Brothers David and Andrew Fung were raised in Seattle but as kids frequently visited their cousins in the San Gabriel Valley. "Those were some of my fondest memories," says Andrew, biting into a Hong Kong waffle sandwich at a new Asian coffee and tea joint in Monterey Park, before passing it to David for a sample. "I remember thinking, 'I ate that really good thing [there], how come we don't eat that in Seattle?' "
That good thing, it turns out, was a Chinese breakfast favorite called fan tuan, made from fried dough, pork floss and rice. Such Eastern culinary staples now are part of daily life for the Fungs, who moved to Monterey Park last year. They began making the SGV a focus of their YouTube videos, an appealing mix of rap and food jokes that also spotlight their Asian heritage. "We're not food experts," David says. "But I'm happy to be a cultural representative for the Chinese."
They've become successful enough to quit the part-time retail jobs they used to juggle and to be featured on YouTube's Hungry Channel — where they had their own show in which they, um, ate calf testicles. (Among more traditional food items.)
Their most successful YouTube video is 2012's "626," which is named after the SGV's area code and hilariously portrays the lives of young Asian-Americans there. Borrowing the beat from Snoop Dogg and Wiz Khalifa's "Young, Wild & Free," it's been viewed nearly a half million times. "626" highlights local eateries like Savoy (for the Hainan chicken over rice) and JJ Café (for the plates of steaming fried rice). "So what we hang out? So what we drink tea? We just sittin' good in the SGV," the Fungs sing. "So what we eat late? That's how it's supposed to be."
With a father from Hong Kong and a mother from Shandong in mainland China, the brothers are two years apart but often are mistaken for fraternal twins. David, 26, usually takes the lead in conversation, while Andrew, 24, is more low-key. (When they're unsure, they'll look to each other for cues.)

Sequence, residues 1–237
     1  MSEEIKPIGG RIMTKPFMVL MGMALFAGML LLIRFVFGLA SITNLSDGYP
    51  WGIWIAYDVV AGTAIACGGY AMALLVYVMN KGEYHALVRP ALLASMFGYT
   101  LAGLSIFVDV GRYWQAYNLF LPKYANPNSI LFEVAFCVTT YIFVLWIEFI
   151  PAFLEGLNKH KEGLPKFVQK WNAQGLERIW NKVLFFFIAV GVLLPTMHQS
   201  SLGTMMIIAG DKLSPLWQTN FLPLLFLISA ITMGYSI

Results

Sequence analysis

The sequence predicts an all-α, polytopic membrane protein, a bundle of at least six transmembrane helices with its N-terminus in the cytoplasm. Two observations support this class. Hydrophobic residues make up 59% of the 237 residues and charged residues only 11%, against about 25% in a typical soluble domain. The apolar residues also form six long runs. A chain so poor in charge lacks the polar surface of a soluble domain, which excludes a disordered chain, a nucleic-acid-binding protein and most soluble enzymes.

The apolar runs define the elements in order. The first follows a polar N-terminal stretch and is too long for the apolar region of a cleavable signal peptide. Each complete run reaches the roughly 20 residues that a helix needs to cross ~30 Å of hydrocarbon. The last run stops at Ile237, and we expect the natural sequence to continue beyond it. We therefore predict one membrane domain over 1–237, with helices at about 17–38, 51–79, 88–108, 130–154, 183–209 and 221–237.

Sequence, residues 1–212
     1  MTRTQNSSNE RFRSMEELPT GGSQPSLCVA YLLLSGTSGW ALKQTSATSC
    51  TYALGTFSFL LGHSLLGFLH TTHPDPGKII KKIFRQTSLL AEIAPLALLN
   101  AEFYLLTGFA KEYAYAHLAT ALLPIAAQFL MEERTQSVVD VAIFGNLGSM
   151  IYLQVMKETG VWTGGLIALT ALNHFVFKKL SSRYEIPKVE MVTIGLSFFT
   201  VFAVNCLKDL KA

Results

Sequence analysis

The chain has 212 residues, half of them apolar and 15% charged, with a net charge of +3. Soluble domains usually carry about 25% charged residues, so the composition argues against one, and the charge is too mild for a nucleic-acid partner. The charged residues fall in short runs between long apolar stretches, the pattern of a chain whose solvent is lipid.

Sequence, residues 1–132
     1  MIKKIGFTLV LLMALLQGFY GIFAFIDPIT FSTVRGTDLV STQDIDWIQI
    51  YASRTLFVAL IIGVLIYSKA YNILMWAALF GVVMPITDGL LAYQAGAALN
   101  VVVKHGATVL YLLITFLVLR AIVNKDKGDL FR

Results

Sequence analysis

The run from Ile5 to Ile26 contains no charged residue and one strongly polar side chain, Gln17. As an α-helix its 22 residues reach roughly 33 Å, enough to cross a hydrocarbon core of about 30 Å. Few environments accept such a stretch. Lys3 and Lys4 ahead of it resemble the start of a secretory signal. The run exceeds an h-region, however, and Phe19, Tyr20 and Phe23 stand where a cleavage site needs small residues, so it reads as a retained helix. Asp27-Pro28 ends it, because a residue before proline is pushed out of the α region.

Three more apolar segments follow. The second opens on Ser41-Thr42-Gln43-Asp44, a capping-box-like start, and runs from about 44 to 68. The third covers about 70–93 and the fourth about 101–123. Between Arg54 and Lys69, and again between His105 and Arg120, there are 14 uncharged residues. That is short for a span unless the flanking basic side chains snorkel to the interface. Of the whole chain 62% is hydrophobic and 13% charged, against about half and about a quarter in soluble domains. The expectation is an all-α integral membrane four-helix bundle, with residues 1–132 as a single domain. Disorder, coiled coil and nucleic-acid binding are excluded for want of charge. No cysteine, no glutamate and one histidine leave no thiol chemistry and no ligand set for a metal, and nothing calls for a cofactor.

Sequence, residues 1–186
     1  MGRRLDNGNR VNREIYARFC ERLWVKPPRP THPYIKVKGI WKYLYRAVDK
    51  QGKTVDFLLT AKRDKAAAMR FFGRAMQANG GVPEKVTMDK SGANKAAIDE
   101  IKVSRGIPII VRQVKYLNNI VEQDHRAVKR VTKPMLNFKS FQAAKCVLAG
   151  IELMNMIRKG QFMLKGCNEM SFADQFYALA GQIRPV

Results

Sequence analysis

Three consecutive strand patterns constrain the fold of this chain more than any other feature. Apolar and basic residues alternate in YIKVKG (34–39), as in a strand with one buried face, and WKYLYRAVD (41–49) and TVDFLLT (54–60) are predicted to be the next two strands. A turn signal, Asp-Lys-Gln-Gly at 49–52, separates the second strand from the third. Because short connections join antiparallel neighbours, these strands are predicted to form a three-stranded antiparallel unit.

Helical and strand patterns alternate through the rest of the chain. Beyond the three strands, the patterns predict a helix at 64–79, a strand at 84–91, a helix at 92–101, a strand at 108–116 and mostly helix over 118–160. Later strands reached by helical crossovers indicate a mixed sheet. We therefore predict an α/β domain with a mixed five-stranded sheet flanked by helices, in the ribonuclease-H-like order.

They began rapping and making their own beats in middle school. Though they were self-conscious about their minority status, they decided to play it up. "Rap is all about who you are and where you're from," David says. "That's when we started talking about being Asian."
The San Gabriel Valley, it turns out, is a prime spot for folks of their particular demographic, with plenty of Asian tea lounges, which are like bars — open late and full of fried finger foods — without the booze. Their recent video "Boba Life" focuses on the culture surrounding boba, a black tapioca pearl that's put in teas. "Let's head out, it's a boba night, no alcohol, it's a sober night," they rap.
It's fair to say the Fungs are the most popular comedic documentarians of this demimonde.
The siblings are rarely apart. "Aside from the girls we date, we have the same group of friends," Andrew says.
Though they once felt out of place, their embrace of their Chinese heritage is good not just for strengthening family ties but also for their brand. "Once a 50-year-old Taiwanese lady asked us to sign her eyeglasses-cleaning cloth," David remembers. "That was pretty sweet."
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